Pickles publishes draft audit Bill
Communities secretary Eric Pickles today published draft legislation to localise council audit arrangements, promising to save £650m over the next five years.
According to the impact assessment of the consultation on the draft local audit Bill, which continues until 31 August, total savings from the audit overhaul will amount to more than £1.1bn.
In addition to abolishing the Audit Commission and transferring its assets and functions to other bodies, other main provisions of the Bill include a requirement on local public bodies to appoint external auditors on the advice of an independent audit panel.
Spending watchdog the National Audit Office (NAO) would assume responsibility for setting a high level code of audit practice and be given powers to carry out value for money studies in the local authority sector – and rights to access necessary information.
Also detailed among the provisions is the establishment of a new regulatory framework to oversee how local audit services are provided, to be overseen by a Financial Reporting Council and professional accounting bodies.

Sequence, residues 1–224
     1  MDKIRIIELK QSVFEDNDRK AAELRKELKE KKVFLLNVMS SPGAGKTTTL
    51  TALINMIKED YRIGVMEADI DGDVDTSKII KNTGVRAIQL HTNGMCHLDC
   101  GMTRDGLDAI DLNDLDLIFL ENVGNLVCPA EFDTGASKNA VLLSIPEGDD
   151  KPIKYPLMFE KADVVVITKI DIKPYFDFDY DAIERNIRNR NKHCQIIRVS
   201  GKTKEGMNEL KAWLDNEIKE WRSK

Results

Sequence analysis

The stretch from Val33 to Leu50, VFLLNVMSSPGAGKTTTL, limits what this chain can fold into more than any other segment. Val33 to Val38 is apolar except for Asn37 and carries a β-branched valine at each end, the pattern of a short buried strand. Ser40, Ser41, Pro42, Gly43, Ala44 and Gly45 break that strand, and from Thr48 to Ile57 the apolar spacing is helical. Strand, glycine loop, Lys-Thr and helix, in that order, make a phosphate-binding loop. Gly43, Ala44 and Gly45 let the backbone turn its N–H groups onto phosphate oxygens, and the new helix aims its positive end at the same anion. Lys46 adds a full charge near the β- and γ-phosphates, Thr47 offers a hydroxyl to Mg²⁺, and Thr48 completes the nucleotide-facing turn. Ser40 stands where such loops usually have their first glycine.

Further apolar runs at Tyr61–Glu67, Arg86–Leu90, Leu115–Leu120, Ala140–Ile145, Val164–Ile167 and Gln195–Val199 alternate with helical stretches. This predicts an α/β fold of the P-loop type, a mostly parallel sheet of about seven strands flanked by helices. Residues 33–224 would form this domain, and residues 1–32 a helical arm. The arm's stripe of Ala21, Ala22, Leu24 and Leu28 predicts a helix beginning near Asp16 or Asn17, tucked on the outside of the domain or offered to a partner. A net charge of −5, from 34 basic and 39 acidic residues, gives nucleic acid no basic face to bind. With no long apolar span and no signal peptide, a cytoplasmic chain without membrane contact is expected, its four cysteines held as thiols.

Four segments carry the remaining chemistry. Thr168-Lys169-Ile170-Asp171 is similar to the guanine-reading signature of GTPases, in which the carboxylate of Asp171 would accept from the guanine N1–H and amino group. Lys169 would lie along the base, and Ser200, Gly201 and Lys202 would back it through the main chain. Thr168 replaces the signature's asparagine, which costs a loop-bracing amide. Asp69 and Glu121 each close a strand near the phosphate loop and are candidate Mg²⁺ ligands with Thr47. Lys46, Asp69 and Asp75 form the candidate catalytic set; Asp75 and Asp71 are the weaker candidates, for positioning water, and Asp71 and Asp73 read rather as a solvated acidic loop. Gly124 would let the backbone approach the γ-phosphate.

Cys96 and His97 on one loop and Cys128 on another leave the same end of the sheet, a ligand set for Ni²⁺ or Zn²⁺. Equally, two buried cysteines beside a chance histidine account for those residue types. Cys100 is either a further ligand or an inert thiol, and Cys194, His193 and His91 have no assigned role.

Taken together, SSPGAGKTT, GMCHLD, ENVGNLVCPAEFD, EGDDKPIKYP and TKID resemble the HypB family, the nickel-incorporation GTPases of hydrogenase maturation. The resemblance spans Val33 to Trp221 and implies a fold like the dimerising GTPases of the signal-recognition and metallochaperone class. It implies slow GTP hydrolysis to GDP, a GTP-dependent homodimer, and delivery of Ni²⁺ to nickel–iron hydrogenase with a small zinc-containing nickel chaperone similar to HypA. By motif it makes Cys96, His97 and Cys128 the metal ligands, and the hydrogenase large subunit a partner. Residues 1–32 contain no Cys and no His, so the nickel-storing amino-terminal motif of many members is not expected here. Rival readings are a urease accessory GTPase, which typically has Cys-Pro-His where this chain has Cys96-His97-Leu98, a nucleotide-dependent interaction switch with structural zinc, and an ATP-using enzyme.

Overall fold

Mr Pickles said the draft Bill permitting councils to appoint their own auditors would make the sector more accountable and remove 'unnecessary bureaucratic costs.
'By replacing the centralised Audit Commission with a more streamlined and transparent system we will save the public purse £650 million over the next five years,' said Mr Pickles.
Mr Pickles added: 'We are determined to ensure that councils continue to deliver the high quality service their residents deserve, which is why our new framework will uphold the tough standards of auditing we expect.'
Cllr Peter Fleming, chairman of the Local Government Association’s improvement board, said ‘allowing town halls to appoint their own auditors is positive and a step in the right direction’.
However, Cllr Fleming said council chiefs are concerned independent audit panels would be bureaucratic, and asked ministers to review these plans. ‘The new system must be based on allowing local people to hold town halls to account, rather than through central prescription and red tape,” he said.
Ian Carruthers, policy and technical director at the Chartered Institute of Public Finance and Accountancy (CIPFA), said: 'The draft bill provides welcome clarity on the overall shape of the future local public audit regime, as well as the role of qualified professionals within this.'
"'By replacing the centralised Audit Commission with a more streamlined and transparent system we will save the public purse ?650 million over the next five years,' said Mr Pickles." Oh yes - I wonder if this claim has been audited or does it represent in some way a transfer of costs to local authorities?Patrick Newman, ex local government, Stevenage, Added: Monday, 16 July 2012 10:20 AM
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